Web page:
Newsletter – October 1, 2021
AIR FREIGHT UPDATES
A Technical Fault Grounded All Paris Airport Departures Today
This morning, all flights departing from Paris-Orly and Paris Roissy-Charles de Gaulle airports were suspended for around 30 minutes. Officials confirmed a technical issue with the flight plan systems. Arrivals were not affected, but departure delays are ongoing. Read more here.
Air Canada Cargo to expand cold chain capabilities in Toronto
Air Canada is investing $16m in expanding and enhancing its cold chain handling facility at Toronto Pearson International Airport.
The expanded facility will feature over 30,000 sq ft of temperature-controlled areas and an expanded cooler to fully meet the requirements of cold chain shipments such as pharmaceuticals, fresh food and other perishables. Read more here.
OCEAN FREIGHT UPDATES
Agreements ‘being ripped up’ by lines as shippers are left in the dark on rates
Customer service has effectively been shelved by the shipping lines, as shippers grumble that it is getting increasingly difficult to book cargo with them, let alone know what rate they will be charged.
Many complain that carriers are refusing to answer booking desk phones, and are “ignoring” e-mails. Read more here.
‘It’s a crazy market out there’ – shipping contract rates jump by 90%
With container spot rates from Asia appearing to have reached a plateau as China begins its Golden Week holiday, the attention has turned to contract rate inflation which, according to Xeneta’s XSI index, is showing a 91% year-on-year gain.
The September edition of the Oslo-headquartered freight rate benchmarking’s Xeneta Shipping Index (XSI) for the long-term contract container market recorded a 3.2% increase in global container rates. Read more here.
INTERNATIONAL BUSINESS – GOVERNMENT UPDATES
Soldiers Will Haul Fuel to Ease UK Crisis
LONDON — The British government’s reserve tanker fleet was being deployed Sept. 29 to help deliver gasoline to empty pumps across the U.K., and military drivers will begin operating tankers in the coming days to ease the country’s fuel supply crisis, a top official said.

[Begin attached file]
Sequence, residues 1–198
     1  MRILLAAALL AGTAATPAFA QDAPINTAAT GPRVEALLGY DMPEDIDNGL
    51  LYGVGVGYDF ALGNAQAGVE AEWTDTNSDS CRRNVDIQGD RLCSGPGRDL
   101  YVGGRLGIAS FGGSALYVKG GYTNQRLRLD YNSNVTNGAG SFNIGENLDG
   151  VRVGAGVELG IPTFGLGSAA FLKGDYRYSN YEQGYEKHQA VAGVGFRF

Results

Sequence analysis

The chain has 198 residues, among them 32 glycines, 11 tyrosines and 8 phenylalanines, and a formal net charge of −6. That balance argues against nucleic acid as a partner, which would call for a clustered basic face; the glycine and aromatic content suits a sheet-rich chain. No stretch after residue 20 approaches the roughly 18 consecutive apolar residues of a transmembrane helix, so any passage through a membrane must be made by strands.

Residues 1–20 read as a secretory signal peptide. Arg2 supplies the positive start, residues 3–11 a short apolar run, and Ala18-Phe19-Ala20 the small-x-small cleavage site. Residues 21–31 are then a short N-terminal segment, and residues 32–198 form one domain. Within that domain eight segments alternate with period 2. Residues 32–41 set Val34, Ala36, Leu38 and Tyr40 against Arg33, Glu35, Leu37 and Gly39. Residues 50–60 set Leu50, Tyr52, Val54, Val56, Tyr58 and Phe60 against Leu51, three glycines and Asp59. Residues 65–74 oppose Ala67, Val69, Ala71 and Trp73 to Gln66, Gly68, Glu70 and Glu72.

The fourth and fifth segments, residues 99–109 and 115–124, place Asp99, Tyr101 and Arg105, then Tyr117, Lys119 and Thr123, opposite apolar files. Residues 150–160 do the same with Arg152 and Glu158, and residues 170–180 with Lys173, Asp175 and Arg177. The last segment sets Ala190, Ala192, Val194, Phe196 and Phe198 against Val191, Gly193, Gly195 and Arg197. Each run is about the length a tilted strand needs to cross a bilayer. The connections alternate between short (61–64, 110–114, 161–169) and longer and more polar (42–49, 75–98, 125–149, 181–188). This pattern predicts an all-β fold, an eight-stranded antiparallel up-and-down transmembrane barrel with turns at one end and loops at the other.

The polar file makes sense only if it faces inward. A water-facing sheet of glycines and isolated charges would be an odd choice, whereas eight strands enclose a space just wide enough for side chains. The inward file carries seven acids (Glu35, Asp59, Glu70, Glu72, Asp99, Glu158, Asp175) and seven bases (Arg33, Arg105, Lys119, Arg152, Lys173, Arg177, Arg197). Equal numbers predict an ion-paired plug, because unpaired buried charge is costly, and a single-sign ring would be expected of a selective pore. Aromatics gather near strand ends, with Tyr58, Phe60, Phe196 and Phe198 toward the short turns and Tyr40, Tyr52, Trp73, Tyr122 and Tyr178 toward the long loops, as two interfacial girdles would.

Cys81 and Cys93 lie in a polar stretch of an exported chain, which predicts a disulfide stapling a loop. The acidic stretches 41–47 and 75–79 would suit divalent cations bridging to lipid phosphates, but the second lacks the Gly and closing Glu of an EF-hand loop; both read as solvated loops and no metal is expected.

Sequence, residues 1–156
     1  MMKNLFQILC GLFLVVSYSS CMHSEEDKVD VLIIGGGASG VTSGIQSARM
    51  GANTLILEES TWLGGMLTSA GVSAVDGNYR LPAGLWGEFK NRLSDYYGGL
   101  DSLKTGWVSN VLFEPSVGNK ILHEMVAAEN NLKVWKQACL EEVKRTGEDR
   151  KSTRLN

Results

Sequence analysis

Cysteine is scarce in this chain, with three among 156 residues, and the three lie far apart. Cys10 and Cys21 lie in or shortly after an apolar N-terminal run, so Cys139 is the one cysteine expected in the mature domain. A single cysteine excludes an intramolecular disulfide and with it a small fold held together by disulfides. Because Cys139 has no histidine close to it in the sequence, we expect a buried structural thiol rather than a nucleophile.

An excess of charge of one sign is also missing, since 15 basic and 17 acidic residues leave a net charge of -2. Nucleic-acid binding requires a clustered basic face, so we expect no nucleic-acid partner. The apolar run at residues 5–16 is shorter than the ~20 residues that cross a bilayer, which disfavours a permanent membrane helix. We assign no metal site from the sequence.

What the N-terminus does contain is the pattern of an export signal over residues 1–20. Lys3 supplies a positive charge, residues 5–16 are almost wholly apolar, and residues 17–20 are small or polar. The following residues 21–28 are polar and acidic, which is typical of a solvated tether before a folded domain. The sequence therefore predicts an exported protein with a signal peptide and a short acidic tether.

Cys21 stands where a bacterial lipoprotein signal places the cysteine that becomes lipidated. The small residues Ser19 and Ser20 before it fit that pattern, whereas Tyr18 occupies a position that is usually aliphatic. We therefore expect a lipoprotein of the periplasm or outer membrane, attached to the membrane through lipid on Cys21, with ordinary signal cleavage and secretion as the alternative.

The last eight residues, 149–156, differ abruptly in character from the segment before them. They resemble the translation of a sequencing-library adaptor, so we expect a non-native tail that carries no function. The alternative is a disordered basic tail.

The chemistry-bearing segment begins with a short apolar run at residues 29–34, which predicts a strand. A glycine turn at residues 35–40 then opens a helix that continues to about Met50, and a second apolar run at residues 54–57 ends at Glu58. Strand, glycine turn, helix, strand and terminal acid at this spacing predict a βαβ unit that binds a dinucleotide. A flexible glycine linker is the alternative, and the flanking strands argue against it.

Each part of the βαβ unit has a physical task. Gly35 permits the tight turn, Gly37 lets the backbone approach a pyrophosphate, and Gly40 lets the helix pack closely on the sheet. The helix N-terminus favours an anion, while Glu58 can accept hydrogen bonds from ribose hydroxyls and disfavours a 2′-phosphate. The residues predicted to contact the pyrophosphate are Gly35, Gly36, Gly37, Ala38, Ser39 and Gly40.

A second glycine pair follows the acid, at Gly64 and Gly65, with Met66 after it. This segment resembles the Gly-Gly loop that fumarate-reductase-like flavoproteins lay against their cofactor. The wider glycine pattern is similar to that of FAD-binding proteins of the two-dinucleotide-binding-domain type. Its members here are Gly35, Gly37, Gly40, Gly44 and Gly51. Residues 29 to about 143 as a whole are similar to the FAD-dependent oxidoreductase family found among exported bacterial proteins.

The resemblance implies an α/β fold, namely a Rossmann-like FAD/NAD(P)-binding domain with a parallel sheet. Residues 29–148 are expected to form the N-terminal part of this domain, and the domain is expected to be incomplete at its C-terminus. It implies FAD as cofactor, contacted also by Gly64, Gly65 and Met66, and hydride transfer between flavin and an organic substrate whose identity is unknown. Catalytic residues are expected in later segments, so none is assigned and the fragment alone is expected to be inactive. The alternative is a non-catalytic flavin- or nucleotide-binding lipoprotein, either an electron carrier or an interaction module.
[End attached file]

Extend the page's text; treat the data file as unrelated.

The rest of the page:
Business Secretary Kwasi Kwarteng said the first of dozens of troops trained to operate gasoline tanker trucks will start appearing on the roads within days. Read more here.
The workers who keep global supply chains moving are warning of a ‘system collapse’
London (CNN Business)Seafarers, truck drivers and airline workers have endured quarantines, travel restrictions and complex Covid-19 vaccination and testing requirements to keep stretched supply chains moving during the pandemic.
But many are now reaching their breaking point, posing yet another threat to the badly tangled network of ports, container vessels and trucking companies that moves goods around the world. Read more here.
Shortages, shipping, shutdowns hit Asian factory output
Shortages of power, computer chips and other parts, soaring shipping costs and shutdowns of factories to battle the pandemic are taking a toll on Asian economies.
Data released Thursday showed Japan’s factory output slowed while China’s manufacturing outlook weakened.
Japan’s Suzuki Motor Corp. became the latest automaker to idle production lines for a few extra days due to shortfalls in components. Read more here.
Nike warns of shortages as ocean congestion, Vietnam shutdowns hurt inventory
Nike’s inventory increased 12% YoY as already lengthy transit times worsened and prevented the company from satisfying high consumer demand, CFO Matt Friend said on the company’s Q1 earnings call. It now takes Nike 80 days to move product from Asia to North America, compared to 40 days pre-pandemic, he said. Read more here.